Monday, March 22, 2010


Most college students have probably used BitTorrent at one point in their life, whether it is for keeping up with the newest TV shows and movies, illegally downloading otherwise expensive software, or as a quick and easy way to share files with their others. What is BitTorrent? Background and history: BitTorrent is a peer-to-peer protocol that is used for sharing large files on the Internet. It is fast, easy and virtually free to use. It was designed by Bram Cohen in 2001, intended originally for geeks to share Linux software online cheaply and inexpensively, but now is mostly used to download TV shows, movies, software and music. According to “The BitTorrent Effect”, an article published in WIRED in 2005, BitTorrent traffic accounts for more than one-third of all data sent across the Internet. I’d suspect that BitTorrent may have lost a little bit of its steam when TV companies started streaming their latest seasons online for free with limited commercials. Quick Fact: This is Bram Cohen, he's a pretty geeky guy. Two interesting facts about Bram Cohen is one that he has Asbergers syndrome, and two has never downloaded a single pirated filed using BitTorrent. He attributes his straight-laced behavior to his suspicion that the MPAA would probably love to make a legal example out of him if he ever downloaded a pirated file. How does it work? First there needs to be the source file. This file is called a swarm. It spreads around pieces of the file so that everyone has some part of it to share with other BitTorrent users. Then those pieces are then uploaded so that all the users in the swarm can access it. Every downloader also has to upload, so the more people download, the faster everything gets uploaded. Users download and upload at the same time, as soon as a piece of the file is received, the computer can then share that piece to others. The more files you share, the fast torrents get downloaded onto your computer.Before long, the swarm has shared all the pieces of the file, and everyone has their own source that they can share to others. This is a visual representation of the BitTorrent protocol: Terminology: Seeders: people who have already downloaded the file and are uploading them. The more seeders, the faster the download. Leechers: people who are sharing what they have and are downloading what others have. BitTorrent client: A computer program that manages downlaods and uploads using the BitTorrent protocol. Some popular BitTorrent clients include: Vuze, Transmission, uTorrent. How is this different from traditional peer to peer file sharing like Morpheus, Kazaa, and Napster? Those sites suffer from supply bottlenecks. Many users on the same network can only swap with one uploader and downloader at a time. So because uploading takes much longer than downloading, files may even take hours to download. Implementation? Changing the face of movie, tv, and software distribution: Some organizations have used BitTorrent to distribute licensed materials, but most of the activity is to distribute pirated movies, tv shows, and software. BitTorrent is a fast, inexpensive, and effective way to distribute information. "Ink", an indie movie released on BitTorrent received over 400,000 hits and reached top 20 moves on iMDb. Before the movie was pirated, it was a lowly 12,991 on iMDb. This movie received a lot of attention on the pirate community, but how much of these downloads actually translate into read world sales. Kiowa Winas, one of the creators of Ink said that sales have definitely gone up. Many Ink downloaders actually suggested that there should be a donate button on the movie's website, and money came pouring through that avenue.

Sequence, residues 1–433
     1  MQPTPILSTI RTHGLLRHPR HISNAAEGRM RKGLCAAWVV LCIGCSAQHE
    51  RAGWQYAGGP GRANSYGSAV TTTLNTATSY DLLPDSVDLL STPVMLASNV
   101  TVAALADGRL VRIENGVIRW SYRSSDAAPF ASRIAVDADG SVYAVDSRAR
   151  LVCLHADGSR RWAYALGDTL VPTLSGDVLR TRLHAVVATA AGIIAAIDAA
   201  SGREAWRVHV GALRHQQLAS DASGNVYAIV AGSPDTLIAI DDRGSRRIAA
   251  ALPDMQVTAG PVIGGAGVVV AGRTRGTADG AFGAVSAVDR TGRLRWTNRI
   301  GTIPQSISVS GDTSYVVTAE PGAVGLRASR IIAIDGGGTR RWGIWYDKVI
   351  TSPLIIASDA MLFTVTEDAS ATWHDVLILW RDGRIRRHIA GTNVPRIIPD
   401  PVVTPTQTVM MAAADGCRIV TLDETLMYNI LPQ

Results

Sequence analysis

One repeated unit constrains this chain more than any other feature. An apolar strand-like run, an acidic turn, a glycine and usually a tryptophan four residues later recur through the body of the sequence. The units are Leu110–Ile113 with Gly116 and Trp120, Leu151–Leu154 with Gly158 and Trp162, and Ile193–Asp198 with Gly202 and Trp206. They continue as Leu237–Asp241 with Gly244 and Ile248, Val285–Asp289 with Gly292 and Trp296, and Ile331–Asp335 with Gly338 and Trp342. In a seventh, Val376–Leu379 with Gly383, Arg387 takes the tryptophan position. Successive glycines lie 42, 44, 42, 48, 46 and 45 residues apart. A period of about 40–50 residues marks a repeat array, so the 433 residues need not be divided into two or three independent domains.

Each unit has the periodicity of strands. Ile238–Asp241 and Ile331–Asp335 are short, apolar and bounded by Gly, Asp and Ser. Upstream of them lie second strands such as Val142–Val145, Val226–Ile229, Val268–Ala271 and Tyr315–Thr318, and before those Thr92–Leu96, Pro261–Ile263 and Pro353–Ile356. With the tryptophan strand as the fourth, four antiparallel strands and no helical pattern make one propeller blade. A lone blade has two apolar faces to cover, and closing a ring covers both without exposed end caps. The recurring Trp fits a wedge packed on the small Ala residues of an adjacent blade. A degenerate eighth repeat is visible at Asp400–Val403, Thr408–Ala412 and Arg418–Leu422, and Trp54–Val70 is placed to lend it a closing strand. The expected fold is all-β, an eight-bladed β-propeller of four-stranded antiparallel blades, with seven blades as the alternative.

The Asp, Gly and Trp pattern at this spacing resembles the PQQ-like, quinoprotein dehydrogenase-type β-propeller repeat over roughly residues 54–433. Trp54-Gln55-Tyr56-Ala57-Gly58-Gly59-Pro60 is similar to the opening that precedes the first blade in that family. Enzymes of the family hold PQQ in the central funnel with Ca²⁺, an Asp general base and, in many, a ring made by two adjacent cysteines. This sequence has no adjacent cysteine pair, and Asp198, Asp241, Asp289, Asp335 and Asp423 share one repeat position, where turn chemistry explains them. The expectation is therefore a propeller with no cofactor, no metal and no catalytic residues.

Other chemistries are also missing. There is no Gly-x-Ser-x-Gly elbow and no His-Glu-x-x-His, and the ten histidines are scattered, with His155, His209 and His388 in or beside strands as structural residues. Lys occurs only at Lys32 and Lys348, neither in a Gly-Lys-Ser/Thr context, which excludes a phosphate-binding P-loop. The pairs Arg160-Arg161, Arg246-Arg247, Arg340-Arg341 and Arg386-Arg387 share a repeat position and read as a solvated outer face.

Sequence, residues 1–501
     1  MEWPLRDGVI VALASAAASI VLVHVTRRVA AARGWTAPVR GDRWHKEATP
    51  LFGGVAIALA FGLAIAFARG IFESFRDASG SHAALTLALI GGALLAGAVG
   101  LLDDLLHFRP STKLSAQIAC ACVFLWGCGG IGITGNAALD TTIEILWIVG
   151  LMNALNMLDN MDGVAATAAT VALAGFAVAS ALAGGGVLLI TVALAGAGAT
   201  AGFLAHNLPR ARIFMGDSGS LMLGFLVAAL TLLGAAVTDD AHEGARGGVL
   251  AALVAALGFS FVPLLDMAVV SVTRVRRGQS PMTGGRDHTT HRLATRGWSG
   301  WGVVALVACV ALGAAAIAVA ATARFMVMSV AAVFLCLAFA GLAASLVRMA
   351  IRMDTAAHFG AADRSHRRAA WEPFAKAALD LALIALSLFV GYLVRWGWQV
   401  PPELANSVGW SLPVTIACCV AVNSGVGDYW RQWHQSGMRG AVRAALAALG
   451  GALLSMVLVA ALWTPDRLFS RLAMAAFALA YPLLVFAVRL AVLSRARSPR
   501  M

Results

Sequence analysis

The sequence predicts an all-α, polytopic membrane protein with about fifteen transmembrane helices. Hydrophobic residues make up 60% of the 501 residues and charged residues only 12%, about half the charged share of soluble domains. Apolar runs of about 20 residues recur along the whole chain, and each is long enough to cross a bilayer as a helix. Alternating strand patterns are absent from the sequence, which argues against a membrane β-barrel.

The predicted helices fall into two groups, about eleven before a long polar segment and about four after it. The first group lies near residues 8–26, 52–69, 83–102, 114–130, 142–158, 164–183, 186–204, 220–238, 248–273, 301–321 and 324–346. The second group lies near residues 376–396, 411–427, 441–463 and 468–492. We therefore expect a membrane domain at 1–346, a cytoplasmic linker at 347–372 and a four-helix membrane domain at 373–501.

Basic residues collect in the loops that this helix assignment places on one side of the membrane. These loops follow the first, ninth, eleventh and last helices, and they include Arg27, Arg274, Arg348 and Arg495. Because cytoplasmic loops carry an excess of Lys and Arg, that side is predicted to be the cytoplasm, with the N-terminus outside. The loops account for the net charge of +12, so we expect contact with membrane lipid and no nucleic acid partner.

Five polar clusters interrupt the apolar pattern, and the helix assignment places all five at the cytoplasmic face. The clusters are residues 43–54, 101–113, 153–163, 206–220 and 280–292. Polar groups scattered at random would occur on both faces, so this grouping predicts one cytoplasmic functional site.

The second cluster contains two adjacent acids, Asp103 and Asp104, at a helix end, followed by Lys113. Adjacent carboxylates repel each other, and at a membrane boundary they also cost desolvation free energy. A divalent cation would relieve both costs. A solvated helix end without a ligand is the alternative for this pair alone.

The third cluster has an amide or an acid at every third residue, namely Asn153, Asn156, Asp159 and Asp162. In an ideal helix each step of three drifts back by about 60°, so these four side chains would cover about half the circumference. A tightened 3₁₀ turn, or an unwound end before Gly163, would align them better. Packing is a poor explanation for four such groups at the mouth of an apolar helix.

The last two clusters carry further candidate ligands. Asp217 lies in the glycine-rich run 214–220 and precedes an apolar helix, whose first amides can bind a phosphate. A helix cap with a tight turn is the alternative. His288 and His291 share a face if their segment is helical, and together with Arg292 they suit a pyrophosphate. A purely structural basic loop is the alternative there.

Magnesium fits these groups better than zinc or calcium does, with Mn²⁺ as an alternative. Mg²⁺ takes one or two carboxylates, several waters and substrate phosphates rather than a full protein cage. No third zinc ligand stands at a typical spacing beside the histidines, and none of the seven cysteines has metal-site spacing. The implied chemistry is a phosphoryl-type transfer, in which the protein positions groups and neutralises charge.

"Kiowa broadly puts BitTorrent users into two camps – those who want media in an instant and those who want it for free. “I think a reasonably-priced instant download the moment the movie becomes available would largely cure the piracy issue so we will see how it all shakes out over the next several years."